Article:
Monday , 23 October 2017

Kachikwu/Baru face-off: Conflict to end soon as Buhari insists that sanity should prevail

When the bell that ushered in the third quarter (July – September) of 2017 started to toll, there were not very obvious indications that the relationship between Dr. Emmanuel Ibe Kachikwu, Minister of State for Petroleum Resources, and Mr. Maikanti Baru, Group Managing Director of the Nigerian National Petroleum Corporation, NNPC, was heading for the rocks, despite speculations at the NNPC towers where both oil chiefs hold forte, for some reasons.

First, in the public, both ‘jolly-good-fellows’ could still smile and shake hands. Second, Baru was also seen, representing Kachikwu in some official engagements, which suggested cooperation and commitment to the development of the nation’s oil and gas industry in particular, and the economy in general. President Buhari

But that was not to be. In a leaked memo to President Muhammadu Buhari, Kachikwu expressed dissatisfaction with questionable practices in the state-owned NNPC. Specifically, the Minister of State disclosed that five major contracts were awarded without the approval of the NNPC board which has Kachikwu as chairman.

In the letter obtained by Sunday Vanguard (and which has been circulated all over the social media sphere) the minister disclosed that things had moved from bad to worst in the Corporation. Specifically, Kachikwu lamented that: ‘’I resumed work confronted by many publications of massive changes within NNPC. Like the previous reorganizations and reposting done since Dr. Baru resumed as GMD, I was never given the opportunity before the announcements to discuss these appointments. This is so despite being Minister of State of Petroleum and Chairman NNPC Board.

‘’The Board of NNPC which you appointed and which has met every month since its inauguration and, which by the statues of NNPC is meant to review these planned appointments and postings, was never briefed. Members of the Board learned of these appointments from the pages of social media and the press release of NNPC.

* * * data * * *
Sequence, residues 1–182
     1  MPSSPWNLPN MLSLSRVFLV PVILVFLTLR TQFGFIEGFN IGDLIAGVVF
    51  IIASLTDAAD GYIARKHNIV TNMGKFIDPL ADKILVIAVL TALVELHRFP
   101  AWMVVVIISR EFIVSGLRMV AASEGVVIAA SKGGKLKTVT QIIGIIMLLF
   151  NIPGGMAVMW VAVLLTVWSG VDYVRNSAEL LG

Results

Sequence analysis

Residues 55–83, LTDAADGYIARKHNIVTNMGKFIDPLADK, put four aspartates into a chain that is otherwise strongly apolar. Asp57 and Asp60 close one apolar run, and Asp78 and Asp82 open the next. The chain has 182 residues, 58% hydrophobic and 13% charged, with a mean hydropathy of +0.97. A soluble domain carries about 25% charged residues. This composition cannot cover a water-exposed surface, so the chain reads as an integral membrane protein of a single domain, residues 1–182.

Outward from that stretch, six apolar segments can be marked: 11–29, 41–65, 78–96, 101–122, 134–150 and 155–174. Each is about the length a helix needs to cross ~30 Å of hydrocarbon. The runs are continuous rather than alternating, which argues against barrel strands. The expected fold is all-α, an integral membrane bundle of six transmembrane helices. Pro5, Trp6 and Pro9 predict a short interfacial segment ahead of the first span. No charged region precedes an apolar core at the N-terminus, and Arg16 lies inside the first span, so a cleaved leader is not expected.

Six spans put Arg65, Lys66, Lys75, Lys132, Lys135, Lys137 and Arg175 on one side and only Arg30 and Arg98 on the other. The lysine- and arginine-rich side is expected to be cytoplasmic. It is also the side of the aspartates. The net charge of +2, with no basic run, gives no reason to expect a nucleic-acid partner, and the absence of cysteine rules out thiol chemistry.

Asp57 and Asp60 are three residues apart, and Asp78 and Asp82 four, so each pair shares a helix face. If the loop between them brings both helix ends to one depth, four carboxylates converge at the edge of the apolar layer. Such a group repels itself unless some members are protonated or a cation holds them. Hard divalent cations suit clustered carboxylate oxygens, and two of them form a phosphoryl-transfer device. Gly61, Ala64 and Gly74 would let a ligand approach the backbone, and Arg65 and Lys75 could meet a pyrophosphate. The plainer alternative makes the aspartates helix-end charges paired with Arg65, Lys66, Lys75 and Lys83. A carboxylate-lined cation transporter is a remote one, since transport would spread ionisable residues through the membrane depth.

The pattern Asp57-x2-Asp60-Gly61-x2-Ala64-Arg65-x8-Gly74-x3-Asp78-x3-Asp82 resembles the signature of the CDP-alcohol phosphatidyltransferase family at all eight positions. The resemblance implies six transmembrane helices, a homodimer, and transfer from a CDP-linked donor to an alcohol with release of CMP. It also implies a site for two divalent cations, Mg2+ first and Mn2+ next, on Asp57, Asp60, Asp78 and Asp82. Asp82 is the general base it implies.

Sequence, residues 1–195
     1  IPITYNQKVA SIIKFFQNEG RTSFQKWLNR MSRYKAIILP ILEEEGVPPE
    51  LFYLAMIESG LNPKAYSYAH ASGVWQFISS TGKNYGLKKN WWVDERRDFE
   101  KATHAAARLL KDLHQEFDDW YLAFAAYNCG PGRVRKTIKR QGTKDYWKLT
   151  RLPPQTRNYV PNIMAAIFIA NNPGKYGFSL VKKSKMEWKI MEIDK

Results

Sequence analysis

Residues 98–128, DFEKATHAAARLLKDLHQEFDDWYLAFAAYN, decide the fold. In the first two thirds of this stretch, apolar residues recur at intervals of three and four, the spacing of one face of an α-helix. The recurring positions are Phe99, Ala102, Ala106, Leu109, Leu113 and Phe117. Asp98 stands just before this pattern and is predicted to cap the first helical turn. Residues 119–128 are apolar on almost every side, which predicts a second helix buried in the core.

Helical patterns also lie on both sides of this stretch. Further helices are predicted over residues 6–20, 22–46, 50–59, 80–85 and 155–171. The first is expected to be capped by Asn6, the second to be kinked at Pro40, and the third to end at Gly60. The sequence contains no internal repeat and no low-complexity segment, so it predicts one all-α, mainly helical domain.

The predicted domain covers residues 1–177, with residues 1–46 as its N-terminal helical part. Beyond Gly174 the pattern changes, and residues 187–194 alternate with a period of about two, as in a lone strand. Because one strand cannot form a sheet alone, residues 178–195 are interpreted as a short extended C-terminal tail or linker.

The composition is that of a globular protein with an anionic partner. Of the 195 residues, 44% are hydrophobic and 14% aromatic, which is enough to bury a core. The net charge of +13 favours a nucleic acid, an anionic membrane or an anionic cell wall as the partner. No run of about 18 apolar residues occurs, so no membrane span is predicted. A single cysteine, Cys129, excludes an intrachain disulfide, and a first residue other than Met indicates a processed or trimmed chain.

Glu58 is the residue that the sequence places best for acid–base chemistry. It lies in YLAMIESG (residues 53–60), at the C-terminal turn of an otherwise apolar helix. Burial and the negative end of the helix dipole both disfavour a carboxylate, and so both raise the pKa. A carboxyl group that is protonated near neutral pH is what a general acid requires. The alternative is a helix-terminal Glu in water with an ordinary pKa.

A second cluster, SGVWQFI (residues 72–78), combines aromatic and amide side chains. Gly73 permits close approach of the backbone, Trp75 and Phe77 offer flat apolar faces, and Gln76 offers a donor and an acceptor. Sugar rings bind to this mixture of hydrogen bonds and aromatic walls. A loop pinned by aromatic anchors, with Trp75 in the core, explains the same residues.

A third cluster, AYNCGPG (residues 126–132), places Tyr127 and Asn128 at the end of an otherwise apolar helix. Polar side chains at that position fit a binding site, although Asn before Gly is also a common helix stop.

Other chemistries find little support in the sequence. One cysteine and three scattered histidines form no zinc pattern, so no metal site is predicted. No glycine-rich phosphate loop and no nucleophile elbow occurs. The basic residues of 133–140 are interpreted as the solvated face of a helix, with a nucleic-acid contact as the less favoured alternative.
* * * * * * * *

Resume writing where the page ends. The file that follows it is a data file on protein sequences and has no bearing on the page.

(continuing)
‘’At the minimum and like all other Parastatals being supervised by me at the Ministry have continued to do, and in compliance with the proper governance standards expected of a serious public institution, these executive actions by NNPC were supposed to benefit from mine and the Board’s input prior to presentation to you. I need to add that backdoor and present same to the acting president were met with a request that this be discussed with me. This was never done.

‘’Indeed, in anticipation of vacancies that would arise from retiring senior executives of NNPC, I wrote the GMD A letter requesting that we both have prior review of the proposed appointments. This was to enable me to present same to the Board or give an anticipatory approval and then review with the Board later (Appendix 1). I wrote to the GMD given previous happenstance of this nature, in addition, thereafter, I called the GMD to a private meeting where I discussed these issues. Needless to say that, not only did he not give my letter the courtesy of a reply, he proceeded to announce the appointments without consultation or Board concurrence.